Ambriovic Ristov, who heads the Department for Molecular Biology of Zagreb's Rudjer Boskovic Institute, said in an interview with Croatian Television on Saturday that the situation regarding the COVID-19 pandemic would not get back to normal so soon and that the dynamic of the vaccination would determine how soon herd immunity would be achieved.

It is assumed that immunity requires vaccinating 70% of the population, but there is a possibility that more people will have to get vaccinated, she added.

She noted that people should not relax too soon and that they should comply with the epidemiological restrictions in force.

"The current restrictions cannot be relaxed. They are good, the government made the right decision because two weeks ago, when they were introduced, the number of new infections started to decline. Unfortunately, the decline in hospital admissions is small but the number of fatalities is unfortunately still not going down," she said.

Ambriovic Ristov noted that one would have to live with restrictions until a majority of the population was immunised and until it became evident that the virus was circulating less in the population.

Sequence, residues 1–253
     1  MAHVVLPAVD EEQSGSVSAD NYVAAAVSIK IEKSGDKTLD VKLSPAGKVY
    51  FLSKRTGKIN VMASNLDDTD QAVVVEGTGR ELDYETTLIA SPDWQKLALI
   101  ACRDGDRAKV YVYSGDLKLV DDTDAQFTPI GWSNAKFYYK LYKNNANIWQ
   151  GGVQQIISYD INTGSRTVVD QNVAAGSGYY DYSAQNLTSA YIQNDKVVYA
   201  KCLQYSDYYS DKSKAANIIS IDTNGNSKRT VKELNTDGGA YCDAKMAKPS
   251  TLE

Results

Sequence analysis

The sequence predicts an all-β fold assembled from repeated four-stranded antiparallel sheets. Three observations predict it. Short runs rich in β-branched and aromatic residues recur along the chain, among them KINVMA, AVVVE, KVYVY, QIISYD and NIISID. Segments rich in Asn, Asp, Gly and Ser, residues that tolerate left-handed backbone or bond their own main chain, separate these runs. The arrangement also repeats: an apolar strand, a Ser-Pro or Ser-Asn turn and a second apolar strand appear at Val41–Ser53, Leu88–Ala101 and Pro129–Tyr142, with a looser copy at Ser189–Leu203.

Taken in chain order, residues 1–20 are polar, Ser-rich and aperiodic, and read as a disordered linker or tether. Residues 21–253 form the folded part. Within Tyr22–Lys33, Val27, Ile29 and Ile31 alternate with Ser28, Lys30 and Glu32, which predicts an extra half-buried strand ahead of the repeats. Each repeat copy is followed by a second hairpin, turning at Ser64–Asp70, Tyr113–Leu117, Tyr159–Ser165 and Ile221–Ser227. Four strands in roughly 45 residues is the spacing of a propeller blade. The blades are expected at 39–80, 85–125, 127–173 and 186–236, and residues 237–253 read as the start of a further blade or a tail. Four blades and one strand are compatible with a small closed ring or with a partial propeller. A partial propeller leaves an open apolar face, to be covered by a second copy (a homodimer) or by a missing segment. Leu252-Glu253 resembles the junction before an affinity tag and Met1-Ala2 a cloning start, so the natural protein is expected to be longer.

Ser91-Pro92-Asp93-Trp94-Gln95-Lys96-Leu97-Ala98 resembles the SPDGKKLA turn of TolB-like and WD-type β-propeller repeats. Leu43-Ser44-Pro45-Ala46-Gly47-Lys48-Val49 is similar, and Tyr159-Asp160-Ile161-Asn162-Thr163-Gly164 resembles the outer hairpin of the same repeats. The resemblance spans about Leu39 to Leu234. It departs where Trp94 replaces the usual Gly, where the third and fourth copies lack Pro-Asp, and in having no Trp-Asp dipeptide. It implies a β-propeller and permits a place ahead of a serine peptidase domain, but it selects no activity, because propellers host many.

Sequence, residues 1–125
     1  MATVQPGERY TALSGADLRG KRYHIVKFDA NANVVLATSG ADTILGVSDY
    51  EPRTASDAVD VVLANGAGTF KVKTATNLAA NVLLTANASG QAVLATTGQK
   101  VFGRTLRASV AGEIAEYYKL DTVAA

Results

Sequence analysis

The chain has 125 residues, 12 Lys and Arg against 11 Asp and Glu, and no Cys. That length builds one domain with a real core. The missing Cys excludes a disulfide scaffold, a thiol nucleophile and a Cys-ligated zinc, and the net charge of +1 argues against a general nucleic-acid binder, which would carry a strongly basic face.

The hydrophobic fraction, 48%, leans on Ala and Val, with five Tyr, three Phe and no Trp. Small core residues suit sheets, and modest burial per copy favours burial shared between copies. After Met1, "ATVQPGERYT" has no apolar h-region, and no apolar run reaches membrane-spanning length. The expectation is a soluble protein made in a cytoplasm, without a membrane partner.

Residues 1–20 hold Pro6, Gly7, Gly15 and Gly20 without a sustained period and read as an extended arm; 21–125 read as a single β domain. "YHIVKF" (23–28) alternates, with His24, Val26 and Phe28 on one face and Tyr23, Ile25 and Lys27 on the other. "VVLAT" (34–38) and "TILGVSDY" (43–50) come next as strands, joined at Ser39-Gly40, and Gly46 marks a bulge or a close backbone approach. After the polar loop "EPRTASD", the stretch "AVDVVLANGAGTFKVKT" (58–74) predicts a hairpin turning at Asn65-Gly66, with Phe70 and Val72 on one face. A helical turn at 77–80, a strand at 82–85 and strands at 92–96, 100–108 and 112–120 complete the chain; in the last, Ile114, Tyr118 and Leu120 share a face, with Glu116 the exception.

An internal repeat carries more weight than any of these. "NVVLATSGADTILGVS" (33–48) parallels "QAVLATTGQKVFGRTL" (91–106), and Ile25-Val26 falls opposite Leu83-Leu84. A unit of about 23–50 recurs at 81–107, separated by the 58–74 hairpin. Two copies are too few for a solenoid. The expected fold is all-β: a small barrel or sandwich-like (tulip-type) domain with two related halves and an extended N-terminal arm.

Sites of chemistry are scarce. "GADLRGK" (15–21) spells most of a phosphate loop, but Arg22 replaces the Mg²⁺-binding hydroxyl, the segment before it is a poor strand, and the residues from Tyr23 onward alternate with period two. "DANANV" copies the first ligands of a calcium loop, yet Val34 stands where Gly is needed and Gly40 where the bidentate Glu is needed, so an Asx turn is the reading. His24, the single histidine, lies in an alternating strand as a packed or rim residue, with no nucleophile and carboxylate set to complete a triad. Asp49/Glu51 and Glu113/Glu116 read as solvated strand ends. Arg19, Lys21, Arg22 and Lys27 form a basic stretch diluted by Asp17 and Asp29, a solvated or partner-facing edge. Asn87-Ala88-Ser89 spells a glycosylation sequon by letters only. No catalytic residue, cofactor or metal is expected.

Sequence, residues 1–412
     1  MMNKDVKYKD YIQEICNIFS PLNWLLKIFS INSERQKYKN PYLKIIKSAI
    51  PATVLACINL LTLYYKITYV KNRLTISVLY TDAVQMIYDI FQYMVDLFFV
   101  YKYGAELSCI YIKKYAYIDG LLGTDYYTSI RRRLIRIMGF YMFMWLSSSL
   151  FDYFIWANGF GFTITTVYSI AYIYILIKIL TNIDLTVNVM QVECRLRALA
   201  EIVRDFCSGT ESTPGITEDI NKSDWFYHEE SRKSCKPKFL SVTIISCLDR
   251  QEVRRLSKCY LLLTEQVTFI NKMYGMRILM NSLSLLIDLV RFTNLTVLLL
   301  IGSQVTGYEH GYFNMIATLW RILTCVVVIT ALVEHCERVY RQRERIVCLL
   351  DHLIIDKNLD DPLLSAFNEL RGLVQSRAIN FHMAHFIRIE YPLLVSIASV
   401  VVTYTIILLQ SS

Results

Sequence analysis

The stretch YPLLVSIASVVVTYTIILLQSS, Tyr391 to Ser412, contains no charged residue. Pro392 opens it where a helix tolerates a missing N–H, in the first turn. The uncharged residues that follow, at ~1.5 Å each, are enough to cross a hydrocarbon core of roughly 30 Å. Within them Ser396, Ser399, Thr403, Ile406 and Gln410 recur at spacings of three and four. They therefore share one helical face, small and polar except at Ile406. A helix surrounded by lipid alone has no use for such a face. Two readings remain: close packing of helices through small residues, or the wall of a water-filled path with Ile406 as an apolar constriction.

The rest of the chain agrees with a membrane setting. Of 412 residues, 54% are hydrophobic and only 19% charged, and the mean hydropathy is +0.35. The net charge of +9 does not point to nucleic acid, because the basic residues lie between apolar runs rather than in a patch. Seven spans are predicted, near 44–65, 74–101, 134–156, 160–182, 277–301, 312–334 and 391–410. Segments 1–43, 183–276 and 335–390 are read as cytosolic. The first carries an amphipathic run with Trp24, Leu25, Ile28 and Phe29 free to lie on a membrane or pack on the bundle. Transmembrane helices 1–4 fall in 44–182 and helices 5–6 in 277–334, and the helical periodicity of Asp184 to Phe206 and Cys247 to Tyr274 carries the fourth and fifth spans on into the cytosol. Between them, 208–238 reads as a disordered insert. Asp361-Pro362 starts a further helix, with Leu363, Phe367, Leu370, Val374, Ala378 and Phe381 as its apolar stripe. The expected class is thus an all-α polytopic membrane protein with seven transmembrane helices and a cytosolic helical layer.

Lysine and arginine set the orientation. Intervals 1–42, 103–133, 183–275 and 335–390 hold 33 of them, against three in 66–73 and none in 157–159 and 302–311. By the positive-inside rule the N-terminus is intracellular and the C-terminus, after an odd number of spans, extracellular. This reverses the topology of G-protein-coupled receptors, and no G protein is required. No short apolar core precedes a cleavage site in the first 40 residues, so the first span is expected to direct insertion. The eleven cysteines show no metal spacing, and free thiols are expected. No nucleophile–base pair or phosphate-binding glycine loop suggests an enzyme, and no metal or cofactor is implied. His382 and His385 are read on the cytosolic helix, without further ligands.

She said that it was not likely that people would be able to stop wearing face masks by autumn, but that the end was in sight.

She said that the vaccine was safe and that vaccination would not change anything in the human genome.

"We will stay as we are, the vaccine is completely safe," she said, stressing that only those with a history of more serious allergic reactions should be on guard.

Researcher: Vaccine won't yield effects before March

Researcher and molecular biologist Ivan Djikic said on Saturday that the vaccine that arrived in Croatia earlier in the day would not yield effects before March and stressed that compliance with epidemiological restrictions in January and February was essential for protection.

Expressing confidence that more than 70% of the population would get vaccinated based on positive results, he said that one should continue to be cautious because the vaccine alone would not defeat the disease.

It will take four to five weeks for the vaccine to yield a positive effect. "January and February are the months when we will have to work together to protect ourselves," he said.